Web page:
Thursday, May 21, 2009
Finally They Found an ‘Other’ in Dr.Sen
There was a time when you said anything against the ‘progressive forces’ (I mean the Communists) you were dubbed as a CIA person. Several intellectuals and writers faced this allegation during 1980s only because they spoke about the totalitarian ways of the Community Party (Marxist) in India.
Now the tables are turned. If you talk anything about the poor and the downtrodden, suddenly you become a ‘commie’, a ‘red’ (thankfully not a ‘Reddie’) and someone who follows that ‘damn old’ defunct 19th century ideology. Erstwhile ‘CIA people’, who have been always talking about issues on a democratic and humanitarian level, are forced to ‘become’ ‘commies’ and ‘reds’ now.
George Orwell had warned us about this doublespeak long back in forties through his prophetic novels ‘Animal Farm’ and ‘1984’.
I am surprised to know that there are several people (young people) in our country who simply believe in this doublespeak. How easily they indulge in the doublespeak! In their interpretation, Dr.Binayak Sen is a ‘Commie’. Going by that Medha Patkar, Arundhati Roy, Mahashweta Devi and many more like them should be ‘Commies’.
Dr.Binayak Sen is a Commie because he works amongst the rural poor. We were desperately waiting for an ‘other’. In a global society finding the ‘other’ is a very difficult task. Everyone is connected through networking sites and blogs. Everyone is partying here or there. Everyone is enjoying the same zoozoos. Everyone is enjoying the same IPL.
Even a terrorist like Kasab became so familiar with his naïve appropriation of a popular desire to be with/like John Abraham. Look how a global terrorist has surreptitiously become our co-conspirator in the ‘ether world’ of desire.
Establishing and identifying an ‘other’ is a psychological need for human beings in order to make their lives worth living. The ‘other’ performs the role of a touchstone in the real and imaginative realms of life. Your energies are directed towards the other for assessing your mettle in the general battle field of life. It tests your ideological convictions, philosophical anchors and above all survival instincts.
To digress a bit, when you step into a mall, you detach yourself from the real world. You become a zoozoo, identify your mirror images and satisfy your desire to be there by being there. If at all you think, you think about your privilege to be there. Your ambition then would be to become ‘more equal than’ the tolerable other in your vicinity. You just don’t think about the real other, which you have long forgotten, but still cherish an itch to have one somewhere.
Finally, you have found your other in Dr.Binayak Sen; a ‘Commie’ in your parlance. In his image, confined or free, you identify the images of the innumerable poor and downtrodden in this country. That is really irritating. So you give them a collective name a la Coriolanus, ‘Commies’; under your breath you add, ‘dirty, unwashed, skeletal, ugly and impoverished creatures.’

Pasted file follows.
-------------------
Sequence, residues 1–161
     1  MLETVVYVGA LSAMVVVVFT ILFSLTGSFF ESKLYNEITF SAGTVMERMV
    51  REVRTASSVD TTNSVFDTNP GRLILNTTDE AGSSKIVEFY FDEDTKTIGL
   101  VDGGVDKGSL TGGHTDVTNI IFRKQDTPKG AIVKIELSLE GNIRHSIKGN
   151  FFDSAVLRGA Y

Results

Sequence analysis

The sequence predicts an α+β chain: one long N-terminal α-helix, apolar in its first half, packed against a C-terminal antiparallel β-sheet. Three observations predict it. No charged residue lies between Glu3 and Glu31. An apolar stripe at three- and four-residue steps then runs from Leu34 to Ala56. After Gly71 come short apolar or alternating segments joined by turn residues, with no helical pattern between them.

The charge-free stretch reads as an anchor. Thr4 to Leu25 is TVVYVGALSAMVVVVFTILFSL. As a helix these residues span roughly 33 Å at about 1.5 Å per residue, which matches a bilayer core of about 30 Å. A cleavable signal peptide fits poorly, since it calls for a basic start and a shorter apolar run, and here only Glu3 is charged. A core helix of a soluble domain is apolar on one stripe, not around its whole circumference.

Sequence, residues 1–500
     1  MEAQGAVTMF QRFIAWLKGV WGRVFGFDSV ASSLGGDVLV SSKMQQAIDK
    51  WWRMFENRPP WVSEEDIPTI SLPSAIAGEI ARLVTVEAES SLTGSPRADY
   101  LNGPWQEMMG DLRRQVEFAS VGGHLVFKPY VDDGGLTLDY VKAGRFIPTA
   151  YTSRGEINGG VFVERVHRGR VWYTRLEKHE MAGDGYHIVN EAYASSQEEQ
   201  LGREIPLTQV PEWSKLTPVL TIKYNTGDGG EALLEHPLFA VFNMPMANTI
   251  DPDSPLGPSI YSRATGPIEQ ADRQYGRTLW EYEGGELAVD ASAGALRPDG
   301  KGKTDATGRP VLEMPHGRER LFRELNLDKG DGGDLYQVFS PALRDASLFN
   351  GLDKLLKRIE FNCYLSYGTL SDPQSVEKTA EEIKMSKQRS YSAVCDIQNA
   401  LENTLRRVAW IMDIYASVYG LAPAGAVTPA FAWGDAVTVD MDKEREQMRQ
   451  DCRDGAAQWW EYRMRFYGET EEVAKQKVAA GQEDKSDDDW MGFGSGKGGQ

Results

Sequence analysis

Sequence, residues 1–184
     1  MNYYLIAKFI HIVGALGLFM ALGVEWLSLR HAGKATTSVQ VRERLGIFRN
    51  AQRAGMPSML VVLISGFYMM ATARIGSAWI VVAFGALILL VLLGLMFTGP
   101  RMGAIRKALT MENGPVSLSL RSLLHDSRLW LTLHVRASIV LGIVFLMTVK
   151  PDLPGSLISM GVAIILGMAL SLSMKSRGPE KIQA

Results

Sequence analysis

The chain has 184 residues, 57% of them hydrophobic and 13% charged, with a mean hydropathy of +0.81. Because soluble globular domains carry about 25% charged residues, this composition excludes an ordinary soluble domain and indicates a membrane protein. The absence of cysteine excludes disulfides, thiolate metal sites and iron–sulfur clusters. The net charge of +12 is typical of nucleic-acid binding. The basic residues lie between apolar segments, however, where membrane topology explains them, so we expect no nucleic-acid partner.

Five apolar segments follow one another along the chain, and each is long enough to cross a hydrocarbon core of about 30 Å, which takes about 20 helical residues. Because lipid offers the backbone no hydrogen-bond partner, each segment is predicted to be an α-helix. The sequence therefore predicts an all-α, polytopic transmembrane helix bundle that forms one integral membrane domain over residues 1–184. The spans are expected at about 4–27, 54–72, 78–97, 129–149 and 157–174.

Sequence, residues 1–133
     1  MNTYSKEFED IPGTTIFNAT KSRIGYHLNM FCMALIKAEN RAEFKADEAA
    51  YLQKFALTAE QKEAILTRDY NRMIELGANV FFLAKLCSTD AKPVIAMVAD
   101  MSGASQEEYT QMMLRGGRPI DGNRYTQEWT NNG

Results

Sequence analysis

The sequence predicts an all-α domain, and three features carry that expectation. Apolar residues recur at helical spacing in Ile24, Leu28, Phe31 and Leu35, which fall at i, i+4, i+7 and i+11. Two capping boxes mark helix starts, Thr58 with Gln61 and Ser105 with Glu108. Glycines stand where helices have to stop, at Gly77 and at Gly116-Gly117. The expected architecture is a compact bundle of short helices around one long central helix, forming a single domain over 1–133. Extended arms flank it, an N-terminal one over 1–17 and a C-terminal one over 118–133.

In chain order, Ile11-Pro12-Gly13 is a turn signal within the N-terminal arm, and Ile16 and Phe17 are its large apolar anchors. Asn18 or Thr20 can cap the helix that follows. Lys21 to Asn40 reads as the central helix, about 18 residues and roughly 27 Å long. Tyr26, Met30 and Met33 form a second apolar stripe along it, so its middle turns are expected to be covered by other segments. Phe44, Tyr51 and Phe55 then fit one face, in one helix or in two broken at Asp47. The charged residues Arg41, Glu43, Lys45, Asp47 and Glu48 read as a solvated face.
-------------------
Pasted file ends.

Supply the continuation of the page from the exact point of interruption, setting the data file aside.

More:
Look at the comments made by some of my readers: ‘Is the Chattisgarh govt. and the Supreme court of India MAD to imprison a good doctor giving free treatment to the poorest of the poor?’ ‘This is a man who is a clear sympathizer of the Naxalites.’ ‘There is nothing heroic or noble about being a naxal. It's no different from joining the underworld.’ ‘Your Mother Theresa the second wears red underwear.’
These are the reactions of the people who have finally found their ‘real’ other. Now they are happy because they can call anybody who speaks up for the human rights, a Naxal, a Dr.Binayak Sen or a Commie.
Once the identity of the other is established, then it is very easy to decimate them. Yes, I have to agree with these guys on one thing; the terrorists and the poor have one thing similar. They don’t have a face. The terrorists all over the world look the same in their hoods. The poor all over the world look the same- bearded, tortured and emaciated like Dr.Sen. Even if they are hooded by their poverty and lack of equal opportunity, their eyes spark through the holes in their hoods, just like the terrorists’ eyes from behind their hoods.
Khalid Hosseini in his best seller ‘Kite Runner’ talks about the sacrifice of a goat during the festival days. Before the priest runs the blade through its neck, the goat looks back at the man and those who surround it to see the spectacle of death. What is the meaning of that look in the goat’s eyes?
For me it resembles the feeling of a man forcibly made the other by the mainstream thinkers.
But then what about those who call Dr.Sen and all supporters Commies? Don’t their eyes also play up the same fear of death, temporarily flashed as victory and desire?